CAMPAIGNS: Issues PR - Hard of hearing get heard

Client: In-house

Client: In-house

Client: In-house



PR Team: League for the Hard of Hearing; in-house director Nancy Nadler,

PR director Joe Brown (New York)



Campaign: International Noise Awareness Day



Time Frame: March to April 2000



Budget: dollars 30,000





Author Don DeLillo once wondered if death was nothing but

sound.



The non-profit League for the Hard of Hearing wants to convince the

public that too much sound can spell death - for people’s eardrums.



According to the group, loud noise is one of the leading causes of

hearing loss, which affects 28 million people in the US. Research shows

that noise is correlated with hypertension, cardiovascular problems and

other physiological disorders. Not surprisingly, noise is the leading

quality-of-life complaint in New York City.



To portray these effects as serious health hazards, the league has

staged the International Noise Awareness Day for the past five years.

Outlets like US News & World Report, the Today show and 20/20 have

featured it in past years with cover stories and full-length reports.

League director Nancy Nadler realized that this year she had to find a

new way to tell the same story.





Strategy



Nadler decided that two new studies would make the noise awareness story

more compelling. The league conducted a community noise study and found

that up to 40% of people surveyed were reporting troublesome noise,

compared to 5% to 10% in previous reports. In the second study, mobile

units screened 64,000 people and found a ’dramatic’ increase in hearing

loss among all age groups. Nadler says this statistic confirmed that

hearing loss was not just an elderly disability.





Tactics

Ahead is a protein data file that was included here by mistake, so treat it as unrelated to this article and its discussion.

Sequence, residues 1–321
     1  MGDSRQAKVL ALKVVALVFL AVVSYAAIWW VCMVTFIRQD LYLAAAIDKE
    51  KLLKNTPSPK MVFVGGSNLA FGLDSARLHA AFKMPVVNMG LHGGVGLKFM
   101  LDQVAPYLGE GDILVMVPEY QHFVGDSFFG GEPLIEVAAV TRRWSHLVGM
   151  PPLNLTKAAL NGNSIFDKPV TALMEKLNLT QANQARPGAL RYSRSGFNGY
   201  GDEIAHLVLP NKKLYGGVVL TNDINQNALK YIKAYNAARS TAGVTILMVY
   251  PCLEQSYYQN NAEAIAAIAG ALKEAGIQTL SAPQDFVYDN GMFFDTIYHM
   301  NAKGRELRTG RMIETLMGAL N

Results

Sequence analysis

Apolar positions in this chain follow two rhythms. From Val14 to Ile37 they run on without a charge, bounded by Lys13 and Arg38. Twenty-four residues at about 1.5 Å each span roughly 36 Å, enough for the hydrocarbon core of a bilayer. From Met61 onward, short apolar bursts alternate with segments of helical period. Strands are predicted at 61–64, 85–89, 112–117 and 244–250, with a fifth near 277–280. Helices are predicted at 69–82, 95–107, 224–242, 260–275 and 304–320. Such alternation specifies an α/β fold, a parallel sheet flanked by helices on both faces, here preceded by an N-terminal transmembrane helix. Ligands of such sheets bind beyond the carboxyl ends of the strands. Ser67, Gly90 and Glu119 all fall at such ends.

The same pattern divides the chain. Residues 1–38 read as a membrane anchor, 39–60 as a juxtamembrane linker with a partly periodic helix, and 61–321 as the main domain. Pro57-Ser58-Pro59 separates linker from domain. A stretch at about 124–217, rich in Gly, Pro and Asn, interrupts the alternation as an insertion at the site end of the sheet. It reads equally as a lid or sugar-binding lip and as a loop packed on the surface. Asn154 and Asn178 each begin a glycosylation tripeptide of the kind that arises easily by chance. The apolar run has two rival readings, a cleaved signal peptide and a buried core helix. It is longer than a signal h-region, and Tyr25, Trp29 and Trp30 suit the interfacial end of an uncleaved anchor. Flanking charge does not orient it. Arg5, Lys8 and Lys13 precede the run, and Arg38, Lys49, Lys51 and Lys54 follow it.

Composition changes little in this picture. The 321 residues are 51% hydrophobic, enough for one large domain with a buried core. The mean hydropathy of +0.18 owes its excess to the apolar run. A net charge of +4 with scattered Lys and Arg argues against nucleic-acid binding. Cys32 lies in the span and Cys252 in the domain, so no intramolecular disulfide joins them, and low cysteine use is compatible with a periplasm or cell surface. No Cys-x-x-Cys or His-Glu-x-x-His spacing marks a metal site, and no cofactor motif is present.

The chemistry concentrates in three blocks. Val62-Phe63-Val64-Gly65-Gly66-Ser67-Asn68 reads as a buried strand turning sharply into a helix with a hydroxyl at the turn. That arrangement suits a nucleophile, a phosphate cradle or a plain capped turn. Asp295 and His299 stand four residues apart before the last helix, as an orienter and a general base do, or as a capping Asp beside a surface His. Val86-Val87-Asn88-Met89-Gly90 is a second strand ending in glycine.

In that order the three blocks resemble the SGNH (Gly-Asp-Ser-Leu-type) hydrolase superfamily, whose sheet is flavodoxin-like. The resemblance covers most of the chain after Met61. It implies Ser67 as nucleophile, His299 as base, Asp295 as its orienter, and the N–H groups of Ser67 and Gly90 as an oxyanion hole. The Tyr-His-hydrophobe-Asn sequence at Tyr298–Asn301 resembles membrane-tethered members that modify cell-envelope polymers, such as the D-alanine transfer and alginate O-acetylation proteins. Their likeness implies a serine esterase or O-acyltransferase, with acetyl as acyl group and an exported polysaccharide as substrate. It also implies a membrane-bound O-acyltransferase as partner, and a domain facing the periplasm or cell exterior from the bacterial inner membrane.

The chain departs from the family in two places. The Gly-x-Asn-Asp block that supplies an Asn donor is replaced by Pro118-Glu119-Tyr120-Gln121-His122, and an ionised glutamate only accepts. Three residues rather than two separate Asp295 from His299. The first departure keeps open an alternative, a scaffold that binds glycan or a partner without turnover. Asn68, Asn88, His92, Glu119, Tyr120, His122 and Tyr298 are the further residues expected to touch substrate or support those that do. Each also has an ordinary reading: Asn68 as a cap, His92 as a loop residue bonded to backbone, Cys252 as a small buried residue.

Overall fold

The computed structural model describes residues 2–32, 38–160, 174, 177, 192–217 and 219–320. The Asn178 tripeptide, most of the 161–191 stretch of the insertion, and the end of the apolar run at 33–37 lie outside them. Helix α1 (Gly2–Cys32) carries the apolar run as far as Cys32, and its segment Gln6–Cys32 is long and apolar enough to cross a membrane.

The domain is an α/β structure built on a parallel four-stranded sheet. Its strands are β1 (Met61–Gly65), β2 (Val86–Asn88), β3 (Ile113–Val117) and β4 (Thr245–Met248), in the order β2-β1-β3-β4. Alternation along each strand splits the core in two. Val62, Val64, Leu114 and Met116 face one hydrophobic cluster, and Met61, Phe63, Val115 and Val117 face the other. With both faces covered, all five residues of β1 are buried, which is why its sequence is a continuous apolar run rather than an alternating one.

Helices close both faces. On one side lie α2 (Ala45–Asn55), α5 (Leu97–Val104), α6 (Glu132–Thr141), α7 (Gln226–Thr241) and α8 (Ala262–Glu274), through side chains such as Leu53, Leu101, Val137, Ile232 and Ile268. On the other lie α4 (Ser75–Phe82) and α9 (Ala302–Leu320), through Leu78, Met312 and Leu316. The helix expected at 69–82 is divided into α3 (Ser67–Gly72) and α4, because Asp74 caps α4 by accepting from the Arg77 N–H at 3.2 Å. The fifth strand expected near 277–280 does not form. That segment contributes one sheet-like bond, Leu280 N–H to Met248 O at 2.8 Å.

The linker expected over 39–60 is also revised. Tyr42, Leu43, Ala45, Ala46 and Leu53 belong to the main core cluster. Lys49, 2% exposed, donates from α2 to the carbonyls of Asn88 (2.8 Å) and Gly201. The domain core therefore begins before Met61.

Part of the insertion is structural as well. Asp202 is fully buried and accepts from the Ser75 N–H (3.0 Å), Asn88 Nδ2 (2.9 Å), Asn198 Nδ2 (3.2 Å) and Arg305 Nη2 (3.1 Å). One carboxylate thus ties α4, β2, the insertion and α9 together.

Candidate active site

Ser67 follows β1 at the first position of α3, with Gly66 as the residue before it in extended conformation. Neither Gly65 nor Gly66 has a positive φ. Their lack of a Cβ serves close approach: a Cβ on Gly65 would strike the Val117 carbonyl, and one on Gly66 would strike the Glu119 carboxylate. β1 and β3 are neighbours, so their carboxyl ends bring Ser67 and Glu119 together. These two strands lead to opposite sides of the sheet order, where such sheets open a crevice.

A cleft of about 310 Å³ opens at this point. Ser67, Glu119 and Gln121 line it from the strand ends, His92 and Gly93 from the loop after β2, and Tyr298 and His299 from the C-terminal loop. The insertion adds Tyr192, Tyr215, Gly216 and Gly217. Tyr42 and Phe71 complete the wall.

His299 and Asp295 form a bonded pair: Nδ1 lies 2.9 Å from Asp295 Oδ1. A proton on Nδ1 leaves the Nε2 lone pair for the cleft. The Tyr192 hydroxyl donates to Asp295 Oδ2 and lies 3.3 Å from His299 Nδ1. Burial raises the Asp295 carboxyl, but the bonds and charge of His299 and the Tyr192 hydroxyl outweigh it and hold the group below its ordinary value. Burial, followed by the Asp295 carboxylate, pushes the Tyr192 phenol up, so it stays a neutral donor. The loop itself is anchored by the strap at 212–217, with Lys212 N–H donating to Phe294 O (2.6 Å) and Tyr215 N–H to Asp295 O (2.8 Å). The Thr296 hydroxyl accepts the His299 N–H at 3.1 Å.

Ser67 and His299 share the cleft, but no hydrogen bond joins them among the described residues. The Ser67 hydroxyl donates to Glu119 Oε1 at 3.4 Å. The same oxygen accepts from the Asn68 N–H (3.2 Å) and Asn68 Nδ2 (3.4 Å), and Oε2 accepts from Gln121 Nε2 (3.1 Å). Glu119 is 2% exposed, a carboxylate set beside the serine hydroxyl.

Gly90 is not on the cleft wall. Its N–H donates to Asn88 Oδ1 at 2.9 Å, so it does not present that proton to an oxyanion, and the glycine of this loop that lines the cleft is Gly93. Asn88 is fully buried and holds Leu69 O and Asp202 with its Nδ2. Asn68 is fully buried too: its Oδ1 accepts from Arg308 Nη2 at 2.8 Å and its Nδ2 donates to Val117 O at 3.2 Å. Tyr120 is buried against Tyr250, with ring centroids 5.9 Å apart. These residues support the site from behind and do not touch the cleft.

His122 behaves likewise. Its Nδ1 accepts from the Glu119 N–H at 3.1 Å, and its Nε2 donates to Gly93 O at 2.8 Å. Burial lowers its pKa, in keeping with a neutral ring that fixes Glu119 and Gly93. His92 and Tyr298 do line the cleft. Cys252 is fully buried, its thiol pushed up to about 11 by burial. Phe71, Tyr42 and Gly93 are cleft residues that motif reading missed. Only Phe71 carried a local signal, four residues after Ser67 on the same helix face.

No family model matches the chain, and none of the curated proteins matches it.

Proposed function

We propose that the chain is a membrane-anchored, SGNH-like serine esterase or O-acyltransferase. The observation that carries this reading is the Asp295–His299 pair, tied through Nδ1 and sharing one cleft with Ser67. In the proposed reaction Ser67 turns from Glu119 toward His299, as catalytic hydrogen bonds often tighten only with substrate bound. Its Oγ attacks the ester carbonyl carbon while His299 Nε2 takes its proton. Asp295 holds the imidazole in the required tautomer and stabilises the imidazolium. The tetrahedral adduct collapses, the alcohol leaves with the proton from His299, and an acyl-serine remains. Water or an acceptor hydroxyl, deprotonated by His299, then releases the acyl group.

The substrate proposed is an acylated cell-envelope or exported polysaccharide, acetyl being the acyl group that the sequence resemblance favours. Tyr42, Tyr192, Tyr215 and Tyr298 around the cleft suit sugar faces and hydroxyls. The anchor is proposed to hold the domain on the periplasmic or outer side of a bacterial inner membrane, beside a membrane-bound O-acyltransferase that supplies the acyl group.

Three weeks before Noise Awareness Day on April 12, a press kit was sent

to the top 25 newspapers and TV and radio stations across the

country.



The press kit highlighted the two studies and included noise-related

information on topics like toys, music and health clubs to provide the

media with a range of angles. It also emphasized the ’Quiet Diet,’ a

minute-long interval of silence that would start at 2:15 pm on Noise

Awareness Day to highlight the effects of noise on health and hearing.

On the day itself, the league observed the Quiet Diet at a press

conference held at New York’s City Hall.



Nadler says that much of the day’s success could be attributed to a vast

grass-roots effort by participating community groups, including those

overseas. These groups contacted their local media to tailor stories to

their region. They also held free hearing screenings, gave away ear

plugs at businesses and public areas, held town forums for other

citizens to sound off on noise, lobbied for mayoral and gubernatorial

proclamations and organized poster contests at over 300 school

districts.





Results



Many urban centers picked up the story, apparently tickled by the

incongruity of staging a minute of silence in a city. Nationally, CNN

and CBS’ The Early Show highlighted Noise Awareness Day. The New York

Times published a 750-word piece in its Metro section, citing study

findings. The Los Angeles Times, The Chicago Sun Times and The Denver

Rocky Mountain News all ran pieces in excess of 1,000 words. The

Albuquerque Tribune ran a piece about its mayor introducing a plan to

revamp the city’s noise ordinance.



Coverage also extended internationally to Africa News, The Evening

Standard (London), The Calgary Herald, The Toronto Star and The

Vancouver Sun.



Cities in Nigeria, Italy and the Philippines held media countdowns to

observe the Quiet Diet, according to Nadler.





Future



The league is planning to conduct new studies pending funding for next

year’s Noise Awareness Day. In the meantime, it will stage events during

the holidays, organize communities to lobby for noise ordinance

revisions and continue to revise and distribute educational materials.



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